So what did Beth do? She prepared a video letter to Oprah, explaining her journey, and asking Oprah to use her voice, her clout, to urge others to get rid of plastic. Her heartfelt, sincere story about her journey is well worth a watch. And, just perhaps, if enough of us talk about it, Oprah will hear, and, well, that could lead to amazing things for this Earth of ours:


 


 

http://www.youtube.com/watch?v=ae0nXDRVnjk


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Warning: These baby bottles and canned goods contain a chemical known to cause reproductive harm

canned food goodsWould you buy a can of beans with a warning on it that it may contain a chemical known to the state of California to cause reproductive harm?


What about a baby bottle?


If you live in California, you are probably familiar with Proposition 65’s standard warning. Even if you don’t realize it.


You’ve probably seenproposition 65 warning sign a warning at the gas station. Or perhaps on some adhesives or similar consmer products. Or for alcoholic beverages.


A Proposition 65 warning sign is placed on consumer products or posted in areas to give warnings to consumers that using the product or being in the area can expose them to a chemical or chemicals that cause cancer and/or birth defects or other reproductive harm.


Proposition 65 requires a warning – it doesn’t prohibit the sale of the items. Just a warning.


But would you buy canned goods with such a warning?


Why do I ask? Because the Office of Environmental Health Hazard Assessment (OEHHA) published notice that it will consider adding bisphenol A (BPA) to the list of chemicals known to the state of California to cause cancer and birth defects or other reproductive harm. BPA is being proposed to be added as a development toxicant. The meeting to consider adoption is set for July 15, 2009. I don’t know whether it will be adopted or not, but I’m just wondering what will happen if it is.


You might not be very familiar with BPA, buy you probably have it in your body. Biomonitoring found that 93% of Americans have BPA in their systems.


BPA is a basic monomer of polycarbonate plastic, so it is found in polycarbonate plastic containers. Polycarbonate is used for baby bottles, many of the 5 gallon water bottles, and other similar hard plastic containers. It is also used for the lining of most canned foods and beverages.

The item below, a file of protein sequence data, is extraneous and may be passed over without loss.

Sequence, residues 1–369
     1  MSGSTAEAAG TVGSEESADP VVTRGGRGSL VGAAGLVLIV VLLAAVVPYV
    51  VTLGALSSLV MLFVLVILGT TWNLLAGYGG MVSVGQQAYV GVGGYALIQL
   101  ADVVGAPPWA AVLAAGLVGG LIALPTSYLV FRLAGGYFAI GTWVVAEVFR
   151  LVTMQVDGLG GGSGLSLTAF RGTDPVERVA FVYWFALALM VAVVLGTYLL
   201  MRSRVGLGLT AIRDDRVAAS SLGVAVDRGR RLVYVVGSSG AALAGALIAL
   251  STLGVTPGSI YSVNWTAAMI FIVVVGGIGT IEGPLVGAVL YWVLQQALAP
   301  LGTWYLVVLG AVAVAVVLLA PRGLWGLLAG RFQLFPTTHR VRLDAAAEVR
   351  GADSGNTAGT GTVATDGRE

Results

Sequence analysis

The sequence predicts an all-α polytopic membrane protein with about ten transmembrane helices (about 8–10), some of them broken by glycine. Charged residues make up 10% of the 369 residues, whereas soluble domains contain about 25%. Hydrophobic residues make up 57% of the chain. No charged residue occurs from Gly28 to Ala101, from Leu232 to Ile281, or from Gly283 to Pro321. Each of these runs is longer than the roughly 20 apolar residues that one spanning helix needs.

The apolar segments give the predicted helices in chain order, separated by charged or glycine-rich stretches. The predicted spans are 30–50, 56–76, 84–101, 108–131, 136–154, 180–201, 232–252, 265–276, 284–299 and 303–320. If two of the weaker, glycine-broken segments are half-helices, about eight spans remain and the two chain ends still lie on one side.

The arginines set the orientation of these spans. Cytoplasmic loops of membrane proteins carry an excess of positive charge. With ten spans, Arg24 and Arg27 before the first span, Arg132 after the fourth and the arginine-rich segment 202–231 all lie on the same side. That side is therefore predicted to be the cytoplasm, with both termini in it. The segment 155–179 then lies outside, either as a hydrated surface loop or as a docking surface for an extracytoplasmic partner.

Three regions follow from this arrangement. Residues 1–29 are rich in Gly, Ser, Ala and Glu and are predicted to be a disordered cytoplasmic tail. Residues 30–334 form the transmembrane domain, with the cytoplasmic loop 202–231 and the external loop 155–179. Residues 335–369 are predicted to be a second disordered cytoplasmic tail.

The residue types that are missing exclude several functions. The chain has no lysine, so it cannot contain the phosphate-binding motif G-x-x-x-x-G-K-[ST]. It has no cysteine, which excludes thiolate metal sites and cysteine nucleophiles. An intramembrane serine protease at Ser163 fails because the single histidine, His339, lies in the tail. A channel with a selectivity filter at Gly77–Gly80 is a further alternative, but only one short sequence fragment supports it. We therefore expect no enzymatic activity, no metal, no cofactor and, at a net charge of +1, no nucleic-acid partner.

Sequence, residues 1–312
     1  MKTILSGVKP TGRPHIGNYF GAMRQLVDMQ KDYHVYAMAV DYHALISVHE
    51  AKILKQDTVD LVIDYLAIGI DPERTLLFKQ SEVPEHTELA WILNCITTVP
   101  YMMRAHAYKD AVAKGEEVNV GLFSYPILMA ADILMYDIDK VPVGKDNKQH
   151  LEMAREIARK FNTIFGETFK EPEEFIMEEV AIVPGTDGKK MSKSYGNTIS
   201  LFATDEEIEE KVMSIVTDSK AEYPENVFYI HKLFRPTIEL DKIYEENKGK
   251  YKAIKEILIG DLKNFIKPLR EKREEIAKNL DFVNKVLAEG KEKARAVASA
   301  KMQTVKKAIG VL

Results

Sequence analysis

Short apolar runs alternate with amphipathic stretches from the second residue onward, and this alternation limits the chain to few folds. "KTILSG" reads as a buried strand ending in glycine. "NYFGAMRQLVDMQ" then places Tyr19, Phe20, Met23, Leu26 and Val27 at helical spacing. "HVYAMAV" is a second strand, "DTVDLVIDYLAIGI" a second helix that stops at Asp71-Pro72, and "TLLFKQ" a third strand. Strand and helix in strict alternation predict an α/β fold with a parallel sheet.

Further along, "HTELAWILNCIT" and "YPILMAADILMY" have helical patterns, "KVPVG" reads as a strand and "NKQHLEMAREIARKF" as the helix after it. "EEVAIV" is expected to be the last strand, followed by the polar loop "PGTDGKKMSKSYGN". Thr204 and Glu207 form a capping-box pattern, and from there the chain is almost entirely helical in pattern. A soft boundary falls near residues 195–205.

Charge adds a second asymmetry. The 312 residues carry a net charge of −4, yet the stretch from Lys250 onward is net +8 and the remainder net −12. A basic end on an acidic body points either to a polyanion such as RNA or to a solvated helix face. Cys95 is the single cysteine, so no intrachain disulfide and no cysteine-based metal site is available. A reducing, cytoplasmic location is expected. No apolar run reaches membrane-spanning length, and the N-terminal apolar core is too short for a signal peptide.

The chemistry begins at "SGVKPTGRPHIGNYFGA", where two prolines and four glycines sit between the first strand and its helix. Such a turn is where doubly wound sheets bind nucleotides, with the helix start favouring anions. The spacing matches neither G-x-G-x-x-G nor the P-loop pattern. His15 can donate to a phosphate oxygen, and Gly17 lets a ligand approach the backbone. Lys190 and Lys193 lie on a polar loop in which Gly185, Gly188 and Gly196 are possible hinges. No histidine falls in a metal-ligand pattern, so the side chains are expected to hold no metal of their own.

Proposition 65 requires a warning unless the business can establish that there is no exposure from use of the product above the significant risk level (for carcinogens) or the no observable effects level (for chemicals that cause reproductive harm). However, Proposition 65 allows a business to place a warning on a product if the company based on its knowledge, or assumption, that a Proposition 65 listed chemical is present without attempting to evaluate the levels of exposure. Companies do this because it is less expensive than to undertake a risk assessment. So companies slap on labels on products based upon the presumption of listed chemicals being present in products, such as lead and phthalates in polyvinyl chloride plastic.


Putting a label on may not reduce product sales for product such as auto or hardware products, but I imagine it will give consumers pause on a canned food or baby bottle. But, if BPA is added, without the identification of a regulatory “no risk” level, then those canned goods will have to contain such a label. Otherwise, companies will be subject to Proposition 65 lawsuits. The thing about Prop 65 is that it contains a bounty hunter provision, which allows private enforcement, and allows plaintiff firms to recover attorneys’s fees. Proposition 65 also has a penalty provision of up to $2,500 per day for each violation. So, because of that, many firms just put labels on products that may contain listed chemicals that could result in exposure to protect themselves from suits.


But BPA is found in so many products. Now, a warning probably wouldn’t be required for a bike helmet, for example, made of polycarbonate plastic because there isn’t any exposure. But for food contact items, it is established that BPA leaches out of polycarbonate plastic and the linings of canned food. Which may mean that such companies are driven to found alternatives to avoid warnings.


In any event, it will be interesting to see what develops. Now, if you don’t want to be exposed to BPA, which is a hormone disruptor and is potentially harmful to fetuses and babies, you can skip polycarbonate plastic for food storage. For canned foods, go for fresh, frozen, dried or jarred instead of metal cans.


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Plastic, Plastic Everywhere: What Would Beth Do?